Shortsleeve highlights the emotional complexity of pregnancy by revealing that she felt a lot of ambivalence, something she did not expect.

"Ambivalence is a term that people often get mixed up with 'indifference.' But while 'indifference' means a lack of caring or caring very little about something, ambivalence means caring a lot about something—and having 'mixed' or contradictory feelings about it," she said. "I remember feeling deeply grateful for my pregnancy and also deeply uncomfortable, fearful and excited, happy and sad. At the time, I didn't quite realize how common these feelings were."

When she was pregnant with her first daughter, Sunday, Shortsleeve started a virtual community called Dear Sunday Motherhood; it is an influential space that's changing the conversation around motherhood.

"At the time I started it, not many media outlets or online platforms were speaking about the very normal ups and downs of motherhood," she said. "I felt as though most depictions of motherhood were largely romanticized and that, as a journalist, I was doing moms a disservice by not talking about some of the things I experienced and the things that so many other moms were telling me they were experiencing."

Combatting a ‘false narrative of motherhood’

Nathalie Walton, founder of Expectful, a hub for evidence-based health and wellness resources for fertility, pregnancy and postpartum, echoes these sentiments about the influence of social media on maternal mental health.

"Social media has portrayed a false narrative of motherhood. Social media sets a high bar as to how motherhood is supposed to look and feel, which can make many moms feel inadequate," she told GMA.

PHOTO: WALTON 2021
Nathalie Walton and son
Christine Coakley Photography

"The antidote to this false narrative is to show up as yourself. As more moms feel comfortable portraying motherhood as they experience it, others will feel less alone—and ultimately feel better navigating the diverse array of emotions and experiences that is motherhood," she added.

This authenticity is increasingly visible on platforms like TikTok, where a simple search of the term "Maternal Mental Health" yields dozens of videos, many with upwards of 200k views, and some reaching millions.

These videos feature women (and some men) discussing maternal and postpartum mental health.

One such video, with over two million views, is a call to action for dads to do more to help their overwhelmed partners. Commenters on the video expressed their struggles, saying things like, "Literally sitting in my bed in the dark crying because I'm so tired! I feel so guilty for always yelling at my kids I'm really not ok 😭." Another confessed, "I burst into tears at 'she's not doing okay'. I thought I was doing fine. I am not." This underscores the importance and need for this type of content.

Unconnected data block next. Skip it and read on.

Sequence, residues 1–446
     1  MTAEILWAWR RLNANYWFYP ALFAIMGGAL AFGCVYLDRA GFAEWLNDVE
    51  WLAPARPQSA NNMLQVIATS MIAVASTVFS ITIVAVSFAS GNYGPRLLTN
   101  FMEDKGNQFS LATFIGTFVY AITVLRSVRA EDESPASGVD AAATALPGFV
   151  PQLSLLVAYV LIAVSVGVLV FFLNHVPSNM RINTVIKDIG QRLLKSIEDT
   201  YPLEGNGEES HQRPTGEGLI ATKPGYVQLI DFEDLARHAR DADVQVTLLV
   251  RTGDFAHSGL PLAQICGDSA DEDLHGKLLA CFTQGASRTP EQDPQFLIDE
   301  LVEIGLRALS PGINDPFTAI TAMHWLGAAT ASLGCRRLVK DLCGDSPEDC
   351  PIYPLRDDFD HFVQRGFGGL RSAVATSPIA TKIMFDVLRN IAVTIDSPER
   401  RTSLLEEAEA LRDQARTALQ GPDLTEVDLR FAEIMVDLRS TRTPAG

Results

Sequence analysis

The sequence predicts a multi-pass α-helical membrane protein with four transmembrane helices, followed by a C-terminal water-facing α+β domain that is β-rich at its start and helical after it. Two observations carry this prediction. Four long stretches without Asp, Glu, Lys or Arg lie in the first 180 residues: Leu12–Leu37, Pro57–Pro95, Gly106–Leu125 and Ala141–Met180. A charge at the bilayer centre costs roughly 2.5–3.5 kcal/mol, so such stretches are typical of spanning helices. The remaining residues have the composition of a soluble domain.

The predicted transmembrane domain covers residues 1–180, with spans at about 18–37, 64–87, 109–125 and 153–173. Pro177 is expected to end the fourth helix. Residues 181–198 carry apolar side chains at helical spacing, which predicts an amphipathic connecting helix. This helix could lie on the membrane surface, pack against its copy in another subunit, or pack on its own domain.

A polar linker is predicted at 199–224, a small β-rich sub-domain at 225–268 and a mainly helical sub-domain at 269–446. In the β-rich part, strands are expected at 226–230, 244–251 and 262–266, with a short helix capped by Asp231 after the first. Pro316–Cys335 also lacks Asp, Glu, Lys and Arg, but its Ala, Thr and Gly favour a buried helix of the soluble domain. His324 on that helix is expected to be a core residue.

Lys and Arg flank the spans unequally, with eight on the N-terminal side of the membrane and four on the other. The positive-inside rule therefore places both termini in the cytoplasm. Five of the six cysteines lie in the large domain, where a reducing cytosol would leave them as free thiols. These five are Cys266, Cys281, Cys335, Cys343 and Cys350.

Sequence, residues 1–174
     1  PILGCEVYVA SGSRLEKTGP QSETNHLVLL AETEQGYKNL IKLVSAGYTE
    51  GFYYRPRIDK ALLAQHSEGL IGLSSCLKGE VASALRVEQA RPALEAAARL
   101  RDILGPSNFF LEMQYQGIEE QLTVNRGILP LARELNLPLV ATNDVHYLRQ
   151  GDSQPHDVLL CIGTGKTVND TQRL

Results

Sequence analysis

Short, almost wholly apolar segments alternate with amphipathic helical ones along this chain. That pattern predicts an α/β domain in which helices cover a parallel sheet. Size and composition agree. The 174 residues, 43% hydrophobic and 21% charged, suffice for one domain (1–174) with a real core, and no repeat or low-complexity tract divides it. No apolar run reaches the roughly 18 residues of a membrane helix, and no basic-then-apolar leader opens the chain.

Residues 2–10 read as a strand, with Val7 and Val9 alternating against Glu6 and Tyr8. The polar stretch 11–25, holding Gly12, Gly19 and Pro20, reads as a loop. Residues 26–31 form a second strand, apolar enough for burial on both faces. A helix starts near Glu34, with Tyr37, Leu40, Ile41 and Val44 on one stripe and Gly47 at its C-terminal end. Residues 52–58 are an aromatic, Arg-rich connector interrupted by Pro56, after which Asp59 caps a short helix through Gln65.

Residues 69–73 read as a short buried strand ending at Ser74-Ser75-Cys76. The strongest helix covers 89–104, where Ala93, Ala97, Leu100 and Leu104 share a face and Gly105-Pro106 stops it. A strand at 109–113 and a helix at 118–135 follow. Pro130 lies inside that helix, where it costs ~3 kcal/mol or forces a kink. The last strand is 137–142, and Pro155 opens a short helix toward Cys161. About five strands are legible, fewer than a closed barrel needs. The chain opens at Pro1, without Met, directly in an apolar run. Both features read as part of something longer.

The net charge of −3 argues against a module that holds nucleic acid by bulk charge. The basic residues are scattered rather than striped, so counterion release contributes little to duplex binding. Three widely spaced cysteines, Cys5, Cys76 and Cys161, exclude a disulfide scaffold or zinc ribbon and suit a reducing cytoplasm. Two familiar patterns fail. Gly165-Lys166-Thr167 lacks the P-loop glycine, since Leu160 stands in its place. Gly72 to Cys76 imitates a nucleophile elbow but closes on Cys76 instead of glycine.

Dr. Whitney Casares is another mom who says she is not immune to the mental health issues that come with being a mother. Casares said she is committed to showing working moms how to focus their time, energy, and attention on what matters most to them and how to adopt a framework that prevents all the other (way less important) to-dos on their lists from defining their lives.

She does this through her practice as a Seattle-based pediatrician and her books, including the recently published "Doing it All: Stop Over-Functioning and Become the Mom and Person You're Meant to Be."

"Modern moms are doing it all, all the time. More than any generation before them, they face conflicting, unrealistic pressure to excel in their careers, maintain Pinterest-worthy homes, and parent with perfection simultaneously," Casares told GMA. "They carry the mental load of their family's day-to-day lives but, increasingly, as primary breadwinners, also shoulder more responsibility for their families' financial success. Add their growing awareness for the frustratingly slow-to-change inequities facing them at home and on the job. It's a recipe for deep discouragement and, yes, even crisis."

Despite growing awareness and increased dialogue around maternal mental health issues, many experts and advocates believe that there is still a significant journey ahead in providing adequate support and resources to mothers across the globe.

Social media platforms, however, are becoming vital spaces for these discussions, helping to reduce stigma and offer much-needed support. As more mothers like Adegoke, Shortsleeve, Walton and Casares share their stories, the hope is that more women will feel empowered to seek help and build supportive communities.

If you or someone you know are experiencing suicidal, substance use or other mental health crises please call or text 988. You will reach a trained crisis counselor for free, 24 hours a day, seven days a week. You can also go to 988lifeline.org.